Your Used Car: Should You Sell or Should You Trade It?

Have you decided it’s time to upgrade your ride but need to beef up your new car fund? Selling your current car is a great way to get the extra cash to help you get your dream car. Simple, right? Not so fast. First you need to determine whether it’s better to sell it yourself or trade it in at the dealership. Here, we break down the positive and negative aspects of both options.

 

Sell it yourself if: 

  • You want the best bang for your buck.

Selling your car yourself allows you to set the price, whereas a dealership will only offer wholesale value or less. Just make sure to not undersell—or try to oversell—yourself. Kelley Blue Book is a great resource to determine the true market value of your car so you can get the most out of your sale.

  • You don’t mind the extra effort.

Selling it yourself includes placing ads—some of which may cost you—fielding phone calls and/or emails from potential buyers, meeting with strangers so they can see the car in person, and handling all of the paperwork for the title transfer and sale.

  • You don’t need money for a down payment.

Depending on the market, it may take significant time to get your car sold and get paid. If you need the profits to complete your purchase, a dealership trade-in may be a better solution.

 

Trade it in if: 

  • You’re willing to get less money in exchange for convenience.

Your dealership can act as a one-stop shop when you trade your car in as part of your new car’s purchase. Simply agree on an offer, sign some paperwork, hand over the keys, and you’re done!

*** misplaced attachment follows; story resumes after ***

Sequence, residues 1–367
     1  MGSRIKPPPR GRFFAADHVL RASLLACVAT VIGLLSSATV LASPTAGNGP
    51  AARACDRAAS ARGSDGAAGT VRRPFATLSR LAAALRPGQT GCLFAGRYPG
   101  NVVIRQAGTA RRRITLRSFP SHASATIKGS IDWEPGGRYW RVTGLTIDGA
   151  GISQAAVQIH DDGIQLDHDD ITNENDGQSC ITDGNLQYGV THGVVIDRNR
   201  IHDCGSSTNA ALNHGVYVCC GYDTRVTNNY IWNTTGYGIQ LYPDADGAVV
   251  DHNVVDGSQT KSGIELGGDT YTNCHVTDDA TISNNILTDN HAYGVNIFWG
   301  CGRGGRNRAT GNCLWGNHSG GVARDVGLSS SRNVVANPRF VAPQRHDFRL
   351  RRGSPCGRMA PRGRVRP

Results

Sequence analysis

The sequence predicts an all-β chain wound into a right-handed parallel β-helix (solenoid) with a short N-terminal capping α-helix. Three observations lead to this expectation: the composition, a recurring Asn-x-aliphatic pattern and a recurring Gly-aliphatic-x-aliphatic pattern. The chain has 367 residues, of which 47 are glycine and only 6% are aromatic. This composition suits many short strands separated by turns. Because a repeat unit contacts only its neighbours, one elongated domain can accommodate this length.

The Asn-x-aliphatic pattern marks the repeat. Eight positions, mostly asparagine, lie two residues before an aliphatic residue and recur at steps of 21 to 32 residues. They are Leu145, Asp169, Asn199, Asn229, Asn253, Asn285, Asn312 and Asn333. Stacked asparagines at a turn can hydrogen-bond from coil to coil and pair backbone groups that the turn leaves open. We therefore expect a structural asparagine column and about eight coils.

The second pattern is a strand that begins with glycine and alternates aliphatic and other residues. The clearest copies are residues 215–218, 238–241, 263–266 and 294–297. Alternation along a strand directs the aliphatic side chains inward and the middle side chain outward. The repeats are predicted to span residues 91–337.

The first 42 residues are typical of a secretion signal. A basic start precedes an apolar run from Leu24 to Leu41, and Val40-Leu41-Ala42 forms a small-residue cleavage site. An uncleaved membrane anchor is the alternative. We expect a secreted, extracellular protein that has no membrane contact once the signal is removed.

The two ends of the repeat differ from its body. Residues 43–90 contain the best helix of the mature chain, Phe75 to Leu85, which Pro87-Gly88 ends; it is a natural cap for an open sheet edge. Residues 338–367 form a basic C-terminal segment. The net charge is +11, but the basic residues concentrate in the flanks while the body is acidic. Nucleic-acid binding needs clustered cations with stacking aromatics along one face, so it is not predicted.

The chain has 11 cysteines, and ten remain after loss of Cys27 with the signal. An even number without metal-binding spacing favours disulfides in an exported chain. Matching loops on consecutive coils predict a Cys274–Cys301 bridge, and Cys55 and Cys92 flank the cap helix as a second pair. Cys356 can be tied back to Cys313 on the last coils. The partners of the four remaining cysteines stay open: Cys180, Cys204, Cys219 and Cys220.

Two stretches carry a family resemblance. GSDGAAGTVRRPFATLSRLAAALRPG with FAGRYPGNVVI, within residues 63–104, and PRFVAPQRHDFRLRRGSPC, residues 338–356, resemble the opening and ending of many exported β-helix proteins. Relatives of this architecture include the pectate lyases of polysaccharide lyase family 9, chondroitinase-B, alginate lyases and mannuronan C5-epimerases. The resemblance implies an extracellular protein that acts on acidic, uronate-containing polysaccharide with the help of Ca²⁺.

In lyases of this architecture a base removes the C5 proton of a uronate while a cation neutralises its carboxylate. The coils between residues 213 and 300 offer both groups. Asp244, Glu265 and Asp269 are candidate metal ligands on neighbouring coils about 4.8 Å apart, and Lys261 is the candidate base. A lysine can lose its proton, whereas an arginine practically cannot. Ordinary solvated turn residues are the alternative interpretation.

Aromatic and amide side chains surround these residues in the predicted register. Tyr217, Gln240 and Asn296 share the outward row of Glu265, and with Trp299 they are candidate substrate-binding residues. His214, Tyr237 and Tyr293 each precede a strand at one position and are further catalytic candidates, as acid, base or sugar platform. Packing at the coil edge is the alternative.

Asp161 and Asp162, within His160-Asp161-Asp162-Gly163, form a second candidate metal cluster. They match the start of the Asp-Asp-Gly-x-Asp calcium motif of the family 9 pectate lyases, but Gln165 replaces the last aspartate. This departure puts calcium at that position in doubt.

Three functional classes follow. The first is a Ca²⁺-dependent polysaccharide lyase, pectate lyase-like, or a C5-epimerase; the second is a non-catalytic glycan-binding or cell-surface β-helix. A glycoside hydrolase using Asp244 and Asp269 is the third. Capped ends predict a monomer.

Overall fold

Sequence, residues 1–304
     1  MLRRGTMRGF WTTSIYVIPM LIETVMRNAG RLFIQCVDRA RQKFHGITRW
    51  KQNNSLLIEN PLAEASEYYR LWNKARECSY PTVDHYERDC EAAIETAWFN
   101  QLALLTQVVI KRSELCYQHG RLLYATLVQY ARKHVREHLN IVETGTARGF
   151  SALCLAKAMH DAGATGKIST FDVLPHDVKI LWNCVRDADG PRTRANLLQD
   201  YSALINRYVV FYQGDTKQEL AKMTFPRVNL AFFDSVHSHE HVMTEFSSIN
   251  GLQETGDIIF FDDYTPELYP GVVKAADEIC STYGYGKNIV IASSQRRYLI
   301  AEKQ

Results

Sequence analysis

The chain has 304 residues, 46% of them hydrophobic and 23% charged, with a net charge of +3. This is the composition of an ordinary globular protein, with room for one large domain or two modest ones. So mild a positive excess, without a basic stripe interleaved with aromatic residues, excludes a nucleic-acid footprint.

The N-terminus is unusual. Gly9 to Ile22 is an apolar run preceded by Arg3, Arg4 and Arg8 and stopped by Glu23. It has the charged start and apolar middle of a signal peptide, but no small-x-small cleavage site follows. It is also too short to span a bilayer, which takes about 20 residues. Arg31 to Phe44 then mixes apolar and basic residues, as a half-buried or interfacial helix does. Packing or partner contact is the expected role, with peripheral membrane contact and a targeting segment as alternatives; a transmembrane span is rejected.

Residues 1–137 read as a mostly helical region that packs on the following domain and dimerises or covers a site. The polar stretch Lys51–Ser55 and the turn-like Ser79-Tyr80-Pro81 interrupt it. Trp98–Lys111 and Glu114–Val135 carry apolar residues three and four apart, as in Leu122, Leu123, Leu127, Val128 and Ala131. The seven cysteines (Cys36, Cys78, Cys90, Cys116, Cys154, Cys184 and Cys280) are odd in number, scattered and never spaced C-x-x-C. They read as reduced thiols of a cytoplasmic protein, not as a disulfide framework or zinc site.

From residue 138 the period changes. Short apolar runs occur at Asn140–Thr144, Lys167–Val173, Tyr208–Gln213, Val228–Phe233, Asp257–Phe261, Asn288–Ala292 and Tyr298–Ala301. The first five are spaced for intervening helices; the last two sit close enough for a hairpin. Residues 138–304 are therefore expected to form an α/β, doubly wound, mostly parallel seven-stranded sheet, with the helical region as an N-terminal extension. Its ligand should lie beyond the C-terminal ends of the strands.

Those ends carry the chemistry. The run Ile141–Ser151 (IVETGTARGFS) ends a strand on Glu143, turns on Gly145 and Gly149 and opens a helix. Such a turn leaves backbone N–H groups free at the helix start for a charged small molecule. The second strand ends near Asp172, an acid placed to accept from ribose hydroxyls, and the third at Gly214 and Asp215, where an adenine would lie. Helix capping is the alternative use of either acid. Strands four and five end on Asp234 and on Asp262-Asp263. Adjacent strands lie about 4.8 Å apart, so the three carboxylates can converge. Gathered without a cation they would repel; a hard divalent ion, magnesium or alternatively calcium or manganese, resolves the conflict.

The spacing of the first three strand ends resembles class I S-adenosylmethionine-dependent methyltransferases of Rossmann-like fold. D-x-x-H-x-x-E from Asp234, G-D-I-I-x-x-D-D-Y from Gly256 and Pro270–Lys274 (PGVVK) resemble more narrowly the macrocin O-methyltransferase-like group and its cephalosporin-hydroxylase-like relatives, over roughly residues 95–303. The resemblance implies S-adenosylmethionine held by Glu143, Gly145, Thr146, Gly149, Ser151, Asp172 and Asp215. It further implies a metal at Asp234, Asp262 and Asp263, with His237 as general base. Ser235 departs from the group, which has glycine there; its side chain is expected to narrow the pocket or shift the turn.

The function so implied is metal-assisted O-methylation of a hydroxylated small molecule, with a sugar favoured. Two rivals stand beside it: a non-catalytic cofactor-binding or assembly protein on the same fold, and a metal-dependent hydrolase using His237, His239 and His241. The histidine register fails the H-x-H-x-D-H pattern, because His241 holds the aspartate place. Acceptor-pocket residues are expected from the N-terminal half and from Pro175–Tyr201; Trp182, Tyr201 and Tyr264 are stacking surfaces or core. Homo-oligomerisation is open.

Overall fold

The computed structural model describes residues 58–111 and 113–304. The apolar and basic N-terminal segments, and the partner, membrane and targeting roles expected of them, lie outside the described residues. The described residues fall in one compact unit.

• You’re incentivized by a tax advantage.

Many states only charge tax on the difference between the trade-in value and your new car’s price. Keep in mind that seven states do not offer this credit, so if you live in California, Hawaii, Kentucky, Maryland, Michigan, or Virginia, or in the District of Columbia, you will pay sales tax on the full purchase price of a new car.

  • Your car doesn’t have much life in it.
    Few people will want to buy a car that is in clear need of significant work, but dealerships will usually trade it in for a few hundred dollars to secure the sale of the new car.

Whether you sold your old car yourself or traded it in, now that you’re free to purchase your new car, it’s time to get the best auto loan for you. Suffolk Federal’s great low auto loan rates finance up to 100% of your new car purchase and go even lower with automatic payments!

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